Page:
"A pair of 17th-century 'writing tables' - erasable pages bound in delicate silver filigree - that would have served as a portable notebook for the owner. The binding wraps around alternating blank pages, coated with gesso & varnish, that are written on with a stylus & erased with a sponge to record witticisms, recipes, birth and death dates, or jottings of any sort. An early silver stylus has survived with the binding, and slips into place along the fore-edge..."
This is a wax tablet, one of the oldest form of manuscripts, the oldest dates from 14th-century BCE. Birth certificate in Latin and Greek 128 AD P.Mich.Inv 766 University of Michigan Library. Allowed to use as long as you attribute the University of Michigan Papyrology Collection as the source for the image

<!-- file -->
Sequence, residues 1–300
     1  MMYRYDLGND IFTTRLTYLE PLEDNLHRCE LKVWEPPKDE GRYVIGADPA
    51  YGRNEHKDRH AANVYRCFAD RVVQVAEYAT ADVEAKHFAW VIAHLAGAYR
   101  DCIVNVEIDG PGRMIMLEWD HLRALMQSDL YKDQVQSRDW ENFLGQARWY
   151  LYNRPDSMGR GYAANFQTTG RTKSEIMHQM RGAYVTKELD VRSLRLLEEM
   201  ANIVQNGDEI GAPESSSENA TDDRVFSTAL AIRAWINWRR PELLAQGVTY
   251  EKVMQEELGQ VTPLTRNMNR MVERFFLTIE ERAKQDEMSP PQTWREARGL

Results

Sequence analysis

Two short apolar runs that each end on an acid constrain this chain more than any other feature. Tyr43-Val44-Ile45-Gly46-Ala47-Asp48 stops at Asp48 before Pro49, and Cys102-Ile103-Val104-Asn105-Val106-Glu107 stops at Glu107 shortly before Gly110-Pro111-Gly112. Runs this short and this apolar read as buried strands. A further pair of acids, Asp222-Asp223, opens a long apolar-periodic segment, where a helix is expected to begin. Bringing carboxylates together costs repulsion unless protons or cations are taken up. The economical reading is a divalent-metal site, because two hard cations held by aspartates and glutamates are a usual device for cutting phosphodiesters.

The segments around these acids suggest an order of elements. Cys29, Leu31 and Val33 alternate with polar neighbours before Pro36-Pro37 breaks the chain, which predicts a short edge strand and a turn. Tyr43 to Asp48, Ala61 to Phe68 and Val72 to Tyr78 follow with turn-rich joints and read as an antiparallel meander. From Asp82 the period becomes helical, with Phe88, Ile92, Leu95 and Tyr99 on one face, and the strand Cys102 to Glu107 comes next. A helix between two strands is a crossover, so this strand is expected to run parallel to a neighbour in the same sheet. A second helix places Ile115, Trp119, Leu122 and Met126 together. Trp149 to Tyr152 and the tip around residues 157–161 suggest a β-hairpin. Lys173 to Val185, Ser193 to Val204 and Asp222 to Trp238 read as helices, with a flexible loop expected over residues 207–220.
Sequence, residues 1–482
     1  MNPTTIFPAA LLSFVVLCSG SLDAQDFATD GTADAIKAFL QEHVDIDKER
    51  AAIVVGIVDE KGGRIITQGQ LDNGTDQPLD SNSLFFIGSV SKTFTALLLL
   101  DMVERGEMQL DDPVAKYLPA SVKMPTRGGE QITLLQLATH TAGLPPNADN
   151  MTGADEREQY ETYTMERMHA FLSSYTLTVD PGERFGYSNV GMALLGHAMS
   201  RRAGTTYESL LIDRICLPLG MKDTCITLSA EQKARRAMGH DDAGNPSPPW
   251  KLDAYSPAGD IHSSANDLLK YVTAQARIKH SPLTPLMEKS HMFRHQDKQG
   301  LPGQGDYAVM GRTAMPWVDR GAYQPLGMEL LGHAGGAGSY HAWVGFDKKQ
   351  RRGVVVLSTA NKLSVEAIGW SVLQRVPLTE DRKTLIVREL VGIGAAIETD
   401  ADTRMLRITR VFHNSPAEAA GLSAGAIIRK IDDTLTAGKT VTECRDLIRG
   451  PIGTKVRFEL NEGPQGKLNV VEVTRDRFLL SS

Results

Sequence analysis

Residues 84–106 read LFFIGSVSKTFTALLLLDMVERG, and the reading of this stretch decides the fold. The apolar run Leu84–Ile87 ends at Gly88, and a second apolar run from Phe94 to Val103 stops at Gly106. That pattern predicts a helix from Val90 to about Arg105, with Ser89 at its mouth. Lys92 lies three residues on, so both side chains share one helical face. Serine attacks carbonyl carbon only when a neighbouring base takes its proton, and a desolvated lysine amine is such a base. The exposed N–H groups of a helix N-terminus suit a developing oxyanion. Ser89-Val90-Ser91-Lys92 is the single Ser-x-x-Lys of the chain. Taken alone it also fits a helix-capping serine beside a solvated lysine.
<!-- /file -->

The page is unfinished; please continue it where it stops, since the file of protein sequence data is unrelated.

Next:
A pair writing tablets connected with ivory to form a book. The central areas of the tablet would have been filled with beeswax on which a scribe could write temporary notes or accounts of one sort or another with a stylus. Found at the Uluburun Shipwreck off Turkey, late bronze age, dated to the late 14th century BCE- 3,300 yrs old.
Top left Medieval styli. Made of bone with metal tips, of the type probably used for scoring the ruling patterns in manuscripts until the twelfth century Below A stick of lead or plummet, suitable for ruling lines in Gothic manuscripts. His English example, marked with the name of its owner Rogerus, may have been cast in the thirteenth century Top right A page of a fifteenth-century French Book of Hours ruled up in ink in preparation for writing